Death Toll from GM’s Faulty Ignition Switches Now Estimated to be 64

By on March 13, 2015

The news regarding the deaths and injuries caused by defective ignition switches in GM vehicles over a 13-year period keeps getting more and more troubling.

A host of injuries and deaths caused by these faulty ignition switches was covered up by GM for years, and now the chickens are finally coming home to roost. The settlement fund that GM has set up to settle the issue and compensate victims has now confirmed 64 deaths and 108 injuries from the 4,343 claims that have been submitted since the fund opened last August.

This unfortunate defect and coverup has led to an estimated compensation of $400-$600 million from GM, which pales in comparison to the more than $10 billion that the many victims are collectively seeking in a wide range of lawsuits.

In addition to the claims which have already been investigated, there are another 1571 claims awaiting review, which includes another alleged 1415 injuries and 156 deaths. There are still more claims that have yet to put together appropriate documentation as well, so another 781 claims may eventually be in play as well.

The total amount of lawsuits GM currently faces for the issue is a staggering 178, comprising both class-action and individual suits. It remains to be seen whether all of the cases will be allowed to proceed, as a federal bankruptcy judge considers all of the relevant factors in the case.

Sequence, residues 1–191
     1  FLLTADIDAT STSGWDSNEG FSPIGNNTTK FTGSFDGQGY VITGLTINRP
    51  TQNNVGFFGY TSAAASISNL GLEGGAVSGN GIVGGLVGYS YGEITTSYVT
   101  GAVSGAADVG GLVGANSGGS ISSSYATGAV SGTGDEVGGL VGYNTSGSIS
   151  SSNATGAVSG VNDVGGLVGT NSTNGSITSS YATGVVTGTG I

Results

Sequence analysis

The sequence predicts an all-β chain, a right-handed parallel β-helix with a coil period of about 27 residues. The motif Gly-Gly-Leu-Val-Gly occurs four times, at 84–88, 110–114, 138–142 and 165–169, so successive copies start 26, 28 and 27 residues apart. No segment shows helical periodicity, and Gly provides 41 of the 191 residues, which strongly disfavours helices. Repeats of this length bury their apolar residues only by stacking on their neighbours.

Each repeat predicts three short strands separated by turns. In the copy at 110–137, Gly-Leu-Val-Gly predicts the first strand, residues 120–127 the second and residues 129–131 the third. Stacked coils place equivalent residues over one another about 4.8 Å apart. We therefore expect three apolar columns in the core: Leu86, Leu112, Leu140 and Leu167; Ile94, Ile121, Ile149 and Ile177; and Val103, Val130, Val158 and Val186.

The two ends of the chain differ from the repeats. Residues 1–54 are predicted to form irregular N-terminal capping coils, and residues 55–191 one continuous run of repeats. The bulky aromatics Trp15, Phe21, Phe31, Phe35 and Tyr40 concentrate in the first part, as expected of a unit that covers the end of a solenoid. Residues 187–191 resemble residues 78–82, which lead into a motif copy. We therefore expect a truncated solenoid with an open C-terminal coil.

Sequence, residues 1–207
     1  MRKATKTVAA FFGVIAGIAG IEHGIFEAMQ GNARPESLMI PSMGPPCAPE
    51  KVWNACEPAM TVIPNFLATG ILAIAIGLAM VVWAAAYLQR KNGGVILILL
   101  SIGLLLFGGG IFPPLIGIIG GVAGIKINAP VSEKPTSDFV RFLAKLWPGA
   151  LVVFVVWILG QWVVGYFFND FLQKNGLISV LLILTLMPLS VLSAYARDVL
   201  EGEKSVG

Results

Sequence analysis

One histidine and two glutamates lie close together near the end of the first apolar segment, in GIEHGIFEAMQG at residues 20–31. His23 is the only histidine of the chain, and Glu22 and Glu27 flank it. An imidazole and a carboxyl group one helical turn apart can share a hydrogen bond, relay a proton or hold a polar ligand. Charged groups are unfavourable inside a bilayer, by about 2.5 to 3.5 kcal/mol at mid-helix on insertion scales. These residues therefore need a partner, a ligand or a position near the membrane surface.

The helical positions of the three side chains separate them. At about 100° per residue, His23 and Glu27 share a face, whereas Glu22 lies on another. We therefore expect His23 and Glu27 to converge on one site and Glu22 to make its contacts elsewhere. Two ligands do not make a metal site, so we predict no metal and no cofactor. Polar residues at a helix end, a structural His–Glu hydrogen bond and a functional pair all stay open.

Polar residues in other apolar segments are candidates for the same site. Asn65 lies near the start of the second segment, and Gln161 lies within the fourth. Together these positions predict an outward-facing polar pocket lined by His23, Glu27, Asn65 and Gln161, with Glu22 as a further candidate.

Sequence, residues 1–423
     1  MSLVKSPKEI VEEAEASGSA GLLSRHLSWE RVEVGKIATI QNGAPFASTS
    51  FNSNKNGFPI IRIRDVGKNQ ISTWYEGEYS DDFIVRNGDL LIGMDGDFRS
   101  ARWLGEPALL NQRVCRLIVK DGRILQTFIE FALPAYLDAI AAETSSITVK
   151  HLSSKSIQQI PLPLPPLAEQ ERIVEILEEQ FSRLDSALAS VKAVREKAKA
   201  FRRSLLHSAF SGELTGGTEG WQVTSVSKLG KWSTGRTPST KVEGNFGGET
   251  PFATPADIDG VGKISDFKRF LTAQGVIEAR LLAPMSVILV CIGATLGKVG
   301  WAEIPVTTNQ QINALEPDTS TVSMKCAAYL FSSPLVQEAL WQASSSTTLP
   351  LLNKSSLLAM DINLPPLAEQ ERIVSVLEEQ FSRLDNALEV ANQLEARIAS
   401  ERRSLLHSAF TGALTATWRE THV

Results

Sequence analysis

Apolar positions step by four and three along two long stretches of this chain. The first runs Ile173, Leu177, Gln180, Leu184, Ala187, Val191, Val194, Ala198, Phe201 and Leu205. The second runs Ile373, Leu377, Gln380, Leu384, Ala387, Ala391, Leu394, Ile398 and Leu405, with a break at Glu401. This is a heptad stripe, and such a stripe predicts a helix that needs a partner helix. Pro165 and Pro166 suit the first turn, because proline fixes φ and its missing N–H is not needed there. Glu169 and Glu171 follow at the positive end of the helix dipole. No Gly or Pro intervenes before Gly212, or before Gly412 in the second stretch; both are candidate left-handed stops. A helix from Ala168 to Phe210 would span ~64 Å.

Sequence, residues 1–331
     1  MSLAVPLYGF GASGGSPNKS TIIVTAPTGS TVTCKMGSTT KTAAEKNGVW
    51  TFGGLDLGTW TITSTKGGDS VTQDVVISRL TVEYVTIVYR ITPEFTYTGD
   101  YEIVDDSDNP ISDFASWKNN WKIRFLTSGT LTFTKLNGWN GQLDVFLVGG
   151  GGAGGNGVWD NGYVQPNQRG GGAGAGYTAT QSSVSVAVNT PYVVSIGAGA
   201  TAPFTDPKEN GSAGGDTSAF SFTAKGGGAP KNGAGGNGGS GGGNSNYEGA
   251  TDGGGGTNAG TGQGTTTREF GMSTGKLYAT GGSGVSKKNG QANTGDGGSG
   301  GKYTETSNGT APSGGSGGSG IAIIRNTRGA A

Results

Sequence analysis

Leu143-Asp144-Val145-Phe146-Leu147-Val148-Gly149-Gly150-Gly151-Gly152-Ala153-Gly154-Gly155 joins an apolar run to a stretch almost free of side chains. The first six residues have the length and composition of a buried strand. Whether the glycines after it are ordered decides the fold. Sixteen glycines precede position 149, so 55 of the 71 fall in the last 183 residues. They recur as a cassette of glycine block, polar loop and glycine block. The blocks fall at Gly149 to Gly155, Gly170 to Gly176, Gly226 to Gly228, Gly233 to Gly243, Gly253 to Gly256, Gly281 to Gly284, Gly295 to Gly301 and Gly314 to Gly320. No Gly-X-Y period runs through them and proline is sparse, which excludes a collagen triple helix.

However, one thing remains clear – the defects and coverups are already doing a great deal of damage to a company that finally seemed to be on the up-and-up in recent years, following their bankruptcy declaration earlier in the decade. It’s not all about money, either, as the Department of Justice is even investigating the merits of filing criminal charges against GM for knowingly concealing the defects for years.

This entire saga will all play out in court over the next several months and possibly even years, but hopefully, when all is said and done, this unfortunate case will make cars safer and allow more transparency into automotive safety going forward.


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